Victoria, Cooperage Place: Sellers lose leaky condo repair refund to buyers



Hutka v. Aitchison et al,


2006 BCSC 1169

Date: 20060731
Docket: 06-1258
Registry: Victoria



Glen Hutka and Olga Hutka



Kenneth Wayne Aitchison, Carole Joan Aitchison,
Strata Corporation 1889 and Proline Management Ltd.


Before: The Honourable Mr. Justice R. D. Wilson

Reasons for Judgment

Counsel for the Petitioners:

R. P. Warburton

Counsel for the Respondents Kenneth Wayne Aitchison and Carole Joan Aitchison:

H. J. Rusk

Date and Place of Trial/Hearing:

July 18, 2006


Victoria, B.C.


[1]                The interesting question on this application is one of entitlement to a partial refund of a special assessment.  That special assessment was paid by the previous owner of a strata lot, into a fund, to repair a defective condominium building.  The previous owner sold the strata lot to the current owner.  After the sale completed, the refund issued.  Both parties claim entitlement.  The petitioners' claim sounds in contract.  The respondents' claim sounds in the equitable remedy of unjust enrichment.


[2]                Prior to 31 August 2004, the respondents owned strata lot 32 in a condominium building.  The envelope in that building suffered premature failure.  The strata corporation imposed a special levy on the owners of the strata lots in the building to fund rectification and litigation.  Individual assessments were calculated by unit entitlement.  The respondents, as owners of strata lot 32, paid $60,135.01 into that fund on a date not identified in the evidence.

[3]                By a contract of purchase and sale dated 16 June 2004, the respondents agreed to sell, and the petitioners agreed to buy, strata lot 32, with completion and possession dates of 1 September 2004.  On that latter date, the respondents' transfer of their fee simple interest in strata lot 32, to the petitioners, was registered in the Land Title Office at Victoria.

[4]                By mid-July 2005, the rectification and litigation, for which the fund had been established, had been concluded.  The strata corporation was left with an excess of money.  It resolved to refund the excess to the owners.  The amount attributable to strata lot 32 is $17,758.03.


[5]                It appears to be common ground that there is nothing express in the contract between the parties addressing the contingencies inherent in the special fund.[1]  As current owners of the strata lot, the petitioners have a prima facie entitlement to the refund.

[6]                The Form B, Information Certificate, dated 23 August 2004, records, among other information, the following:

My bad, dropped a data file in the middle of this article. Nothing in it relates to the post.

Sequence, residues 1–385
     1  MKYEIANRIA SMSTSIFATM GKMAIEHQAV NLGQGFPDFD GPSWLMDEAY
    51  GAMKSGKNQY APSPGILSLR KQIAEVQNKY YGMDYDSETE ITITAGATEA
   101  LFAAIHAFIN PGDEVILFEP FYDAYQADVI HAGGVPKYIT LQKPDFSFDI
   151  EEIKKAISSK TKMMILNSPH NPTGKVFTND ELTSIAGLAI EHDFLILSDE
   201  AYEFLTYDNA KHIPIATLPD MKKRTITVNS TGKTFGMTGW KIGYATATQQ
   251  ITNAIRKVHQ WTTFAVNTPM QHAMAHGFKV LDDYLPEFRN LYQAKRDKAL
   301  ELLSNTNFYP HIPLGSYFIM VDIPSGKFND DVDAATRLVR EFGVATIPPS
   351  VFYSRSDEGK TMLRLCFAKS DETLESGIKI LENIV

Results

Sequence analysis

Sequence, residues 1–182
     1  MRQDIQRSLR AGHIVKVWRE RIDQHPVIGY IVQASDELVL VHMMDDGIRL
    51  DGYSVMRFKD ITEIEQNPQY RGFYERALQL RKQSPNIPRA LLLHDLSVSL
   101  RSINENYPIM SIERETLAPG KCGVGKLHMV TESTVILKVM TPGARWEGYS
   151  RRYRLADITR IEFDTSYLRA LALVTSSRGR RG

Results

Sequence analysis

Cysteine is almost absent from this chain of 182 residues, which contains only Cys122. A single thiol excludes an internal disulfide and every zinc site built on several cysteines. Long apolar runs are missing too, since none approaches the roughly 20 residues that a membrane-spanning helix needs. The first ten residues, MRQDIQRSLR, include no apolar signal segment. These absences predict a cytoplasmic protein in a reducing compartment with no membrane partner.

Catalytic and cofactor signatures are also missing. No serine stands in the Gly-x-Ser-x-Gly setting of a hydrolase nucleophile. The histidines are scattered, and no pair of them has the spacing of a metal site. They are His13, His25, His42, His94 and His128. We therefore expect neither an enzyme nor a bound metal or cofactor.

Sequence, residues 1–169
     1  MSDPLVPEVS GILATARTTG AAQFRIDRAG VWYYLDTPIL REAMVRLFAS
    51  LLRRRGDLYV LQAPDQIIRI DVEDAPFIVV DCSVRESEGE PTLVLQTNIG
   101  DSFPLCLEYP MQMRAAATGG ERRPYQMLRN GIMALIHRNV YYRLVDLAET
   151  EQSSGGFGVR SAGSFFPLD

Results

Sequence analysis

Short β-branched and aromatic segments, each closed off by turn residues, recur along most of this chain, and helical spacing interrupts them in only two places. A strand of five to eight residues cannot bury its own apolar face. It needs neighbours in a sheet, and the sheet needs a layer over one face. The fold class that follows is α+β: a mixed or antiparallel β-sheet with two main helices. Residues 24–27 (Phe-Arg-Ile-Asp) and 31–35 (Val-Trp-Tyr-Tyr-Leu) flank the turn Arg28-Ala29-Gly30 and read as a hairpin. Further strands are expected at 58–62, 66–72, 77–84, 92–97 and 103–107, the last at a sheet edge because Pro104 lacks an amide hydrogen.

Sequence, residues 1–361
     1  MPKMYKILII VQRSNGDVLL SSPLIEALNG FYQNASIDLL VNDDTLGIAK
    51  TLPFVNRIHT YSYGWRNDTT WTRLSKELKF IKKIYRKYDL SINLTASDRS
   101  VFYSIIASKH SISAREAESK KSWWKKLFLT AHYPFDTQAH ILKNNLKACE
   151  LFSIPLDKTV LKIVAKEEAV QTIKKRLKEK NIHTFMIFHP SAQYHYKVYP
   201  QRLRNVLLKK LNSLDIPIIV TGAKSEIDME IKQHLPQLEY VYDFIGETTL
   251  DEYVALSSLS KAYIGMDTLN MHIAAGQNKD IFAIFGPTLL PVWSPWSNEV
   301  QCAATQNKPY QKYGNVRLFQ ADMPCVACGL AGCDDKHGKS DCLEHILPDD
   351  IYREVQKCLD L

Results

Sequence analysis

(d)        Any amount that the owner of the strata lot described above is obligated to pay in the future for a special levy that has already been approved .................................................................$0.00


(f)         Amount in the contingency reserve fund minus any expenditures which have already been approved but not yet taken from the fund .............................................$81,937.03 as of July 31, 2004


(j)         Is the strata corporation party to any court proceedings or arbitration, and/or are there any judgments or orders against the strata corporation?

                          No            X       Yes - Litigation is currently proceeding against a number of defendants for certain water penetration issues.

[7]                I find that by omitting any reference to a future special levy, or the contingency reserve fund, the parties, by their contract, implicitly allocated the risk of contingencies of the litigation.  Thus, any adjustment to the contingency reserve fund, either by increase through a future special levy, or decrease, by a refund, was a risk allocated to the purchaser.


[8]                The remedy of unjust enrichment, the remedy sought by the respondents, is dependent upon proof of three elements:

1.         an enrichment;

2.         a corresponding deprivation; and,

3.         an absence of juristic reason for the enrichment.[2]

[9]                The respondents say that if the refund is paid to the petitioners, then the petitioners will be enriched at the respondents' corresponding deprivation, for no juristic reason.

[10]            The first element mentioned above is probably satisfied.  Receipt of money is conventionally taken as an enrichment.

[11]            On the second element mentioned above, I find it instructive to refer to the comments of Southin, J.A. in Scott v. Noble:[3]